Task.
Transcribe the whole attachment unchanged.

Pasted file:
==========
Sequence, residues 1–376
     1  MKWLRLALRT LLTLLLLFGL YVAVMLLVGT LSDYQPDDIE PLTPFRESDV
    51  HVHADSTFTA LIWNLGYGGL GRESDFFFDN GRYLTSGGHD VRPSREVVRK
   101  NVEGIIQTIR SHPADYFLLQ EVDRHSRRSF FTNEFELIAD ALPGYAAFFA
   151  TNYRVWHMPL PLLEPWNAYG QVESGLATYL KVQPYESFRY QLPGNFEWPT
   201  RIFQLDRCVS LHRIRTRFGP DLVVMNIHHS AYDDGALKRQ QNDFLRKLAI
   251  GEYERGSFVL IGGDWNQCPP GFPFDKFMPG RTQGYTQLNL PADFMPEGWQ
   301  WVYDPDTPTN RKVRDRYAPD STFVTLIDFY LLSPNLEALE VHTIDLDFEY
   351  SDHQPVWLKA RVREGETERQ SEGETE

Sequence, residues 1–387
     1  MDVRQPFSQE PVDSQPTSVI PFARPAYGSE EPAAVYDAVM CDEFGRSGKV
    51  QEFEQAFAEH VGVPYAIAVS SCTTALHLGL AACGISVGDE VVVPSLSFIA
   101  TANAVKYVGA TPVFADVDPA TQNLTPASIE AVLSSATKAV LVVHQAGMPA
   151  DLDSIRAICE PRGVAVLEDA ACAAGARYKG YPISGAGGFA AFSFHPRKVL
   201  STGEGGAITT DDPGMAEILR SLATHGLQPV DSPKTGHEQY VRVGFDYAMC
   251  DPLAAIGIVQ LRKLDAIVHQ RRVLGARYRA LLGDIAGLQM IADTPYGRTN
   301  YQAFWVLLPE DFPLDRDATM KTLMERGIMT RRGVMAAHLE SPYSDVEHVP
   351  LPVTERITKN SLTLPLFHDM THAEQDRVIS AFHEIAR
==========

Sequence, residues 1–376
     1  MKWLRLALRT LLTLLLLFGL YVAVMLLVGT LSDYQPDDIE PLTPFRESDV
    51  HVHADSTFTA LIWNLGYGGL GRESDFFFDN GRYLTSGGHD VRPSREVVRK
   101  NVEGIIQTIR SHPADYFLLQ EVDRHSRRSF FTNEFELIAD ALPGYAAFFA
   151  TNYRVWHMPL PLLEPWNAYG QVESGLATYL KVQPYESFRY QLPGNFEWPT
   201  RIFQLDRCVS LHRIRTRFGP DLVVMNIHHS AYDDGALKRQ QNDFLRKLAI
   251  GEYERGSFVL IGGDWNQCPP GFPFDKFMPG RTQGYTQLNL PADFMPEGWQ
   301  WVYDPDTPTN RKVRDRYAPD STFVTLIDFY LLSPNLEALE VHTIDLDFEY
   351  SDHQPVWLKA RVREGETERQ SEGETE

Sequence, residues 1–387
     1  MDVRQPFSQE PVDSQPTSVI PFARPAYGSE EPAAVYDAVM CDEFGRSGKV
    51  QEFEQAFAEH VGVPYAIAVS SCTTALHLGL AACGISVGDE VVVPSLSFIA
   101  TANAVKYVGA TPVFADVDPA TQNLTPASIE AVLSSATKAV LVVHQAGMPA
   151  DLDSIRAICE PRGVAVLEDA ACAAGARYKG YPISGAGGFA AFSFHPRKVL
   201  STGEGGAITT DDPGMAEILR SLATHGLQPV DSPKTGHEQY VRVGFDYAMC
   251  DPLAAIGIVQ LRKLDAIVHQ RRVLGARYRA LLGDIAGLQM IADTPYGRTN
   301  YQAFWVLLPE DFPLDRDATM KTLMERGIMT RRGVMAAHLE SPYSDVEHVP
   351  LPVTERITKN SLTLPLFHDM THAEQDRVIS AFHEIAR